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European Commission recommends 90% net greenhouse gas emissions reduction by 2040

On 6 February, the European Commission published a detailed impact assessment on possible pathways to reach the agreed goal of making the EU climate neutral by 2050. Based on this impact assessment, the Commission recommends a 90% net greenhouse gas emissions reduction by 2040 compared to 1990 levels. This recommendation forms the foundation upon which the next Commission, to be set up after EU elections next June, will develop specific legislative proposals for the post-2030 policy framework, aiming to achieve the 2040 target.

The Commission communication provides a clear and positive signal for the renewable energy sector and especially the bioenergy potential is foreseen to increase in all policy scenarios elaborated by the Commission. Moreover, the role of e-fuels, such as synthetic methane, will increase significantly over the coming years. The renewable gas sector is recognized as a win-win solution that should be prioritized in the transition to affordable and sustainable clean energy. However, it must be noted, that biogases unfortunately play a lesser role towards the 2040 target compared to other energy vectors, and their significant contribution to the energy system integration and flexibility is somewhat overlooked.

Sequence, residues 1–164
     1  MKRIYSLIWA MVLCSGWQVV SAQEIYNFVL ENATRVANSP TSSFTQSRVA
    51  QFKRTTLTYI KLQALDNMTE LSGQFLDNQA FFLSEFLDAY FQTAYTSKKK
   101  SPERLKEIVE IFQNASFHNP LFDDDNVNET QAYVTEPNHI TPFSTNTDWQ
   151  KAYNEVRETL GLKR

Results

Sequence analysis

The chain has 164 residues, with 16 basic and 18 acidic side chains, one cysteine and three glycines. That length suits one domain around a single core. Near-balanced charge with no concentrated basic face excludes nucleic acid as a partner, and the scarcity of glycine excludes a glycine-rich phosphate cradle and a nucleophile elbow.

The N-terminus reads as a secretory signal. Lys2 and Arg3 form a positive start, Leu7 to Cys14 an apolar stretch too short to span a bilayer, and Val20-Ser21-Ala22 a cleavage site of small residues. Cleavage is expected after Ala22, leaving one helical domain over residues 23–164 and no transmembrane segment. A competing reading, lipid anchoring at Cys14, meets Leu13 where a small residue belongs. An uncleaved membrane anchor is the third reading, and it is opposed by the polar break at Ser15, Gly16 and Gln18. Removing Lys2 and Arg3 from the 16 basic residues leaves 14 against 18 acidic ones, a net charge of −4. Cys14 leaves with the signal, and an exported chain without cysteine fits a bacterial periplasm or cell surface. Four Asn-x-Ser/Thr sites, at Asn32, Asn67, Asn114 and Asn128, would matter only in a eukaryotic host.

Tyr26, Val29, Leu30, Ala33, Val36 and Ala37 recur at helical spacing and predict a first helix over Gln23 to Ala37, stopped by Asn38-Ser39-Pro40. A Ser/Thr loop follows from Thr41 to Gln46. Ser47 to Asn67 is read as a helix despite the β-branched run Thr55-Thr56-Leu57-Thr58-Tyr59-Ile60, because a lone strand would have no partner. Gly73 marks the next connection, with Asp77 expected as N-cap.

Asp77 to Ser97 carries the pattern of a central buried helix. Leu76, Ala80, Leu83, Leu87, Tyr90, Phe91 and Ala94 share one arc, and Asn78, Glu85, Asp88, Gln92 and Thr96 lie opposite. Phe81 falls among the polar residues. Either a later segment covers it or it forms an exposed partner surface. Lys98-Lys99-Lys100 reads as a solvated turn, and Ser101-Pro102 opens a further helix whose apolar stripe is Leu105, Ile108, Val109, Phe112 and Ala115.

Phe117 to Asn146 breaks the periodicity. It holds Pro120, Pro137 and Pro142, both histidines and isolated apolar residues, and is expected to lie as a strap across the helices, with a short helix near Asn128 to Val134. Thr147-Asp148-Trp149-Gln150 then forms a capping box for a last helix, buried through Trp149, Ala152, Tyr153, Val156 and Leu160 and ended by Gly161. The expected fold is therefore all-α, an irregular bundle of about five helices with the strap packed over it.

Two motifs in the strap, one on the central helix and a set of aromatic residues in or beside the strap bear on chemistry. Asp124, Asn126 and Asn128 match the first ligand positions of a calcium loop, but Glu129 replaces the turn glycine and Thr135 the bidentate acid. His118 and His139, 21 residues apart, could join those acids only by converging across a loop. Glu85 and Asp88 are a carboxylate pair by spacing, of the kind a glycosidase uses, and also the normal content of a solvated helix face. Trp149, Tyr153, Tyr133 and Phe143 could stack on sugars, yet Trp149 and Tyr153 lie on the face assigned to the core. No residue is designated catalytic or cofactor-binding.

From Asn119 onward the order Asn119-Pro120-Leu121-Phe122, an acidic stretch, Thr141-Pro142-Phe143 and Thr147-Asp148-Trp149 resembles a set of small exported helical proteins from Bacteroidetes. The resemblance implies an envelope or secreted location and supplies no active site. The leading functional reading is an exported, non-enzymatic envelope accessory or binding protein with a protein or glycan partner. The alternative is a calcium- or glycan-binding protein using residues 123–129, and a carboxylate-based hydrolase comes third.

Renewable gases, such as biomethane and synthetic methane, provide solutions to de-fossilize the EU economy, including hard-to-abate sectors such as industry and transport, while at the same time contributing to European energy flexibility, resilience, and independence. 

Together with the 2040 climate target, the Commission also published a new strategy for Industrial Carbon Management. The strategy indicates the direction for the capture and storage or use of carbon dioxide in industrial value chains in the EU. The use of biogenic carbon dioxide, which could be used to replace fossil carbon sources in various applications from the chemical industry to synthetic fuels, will surely play a major role in future EU energy policies. This provides an interesting opportunity for the biogas sector as biogenic carbon dioxide can be captured during the upgrading of biogas into biomethane.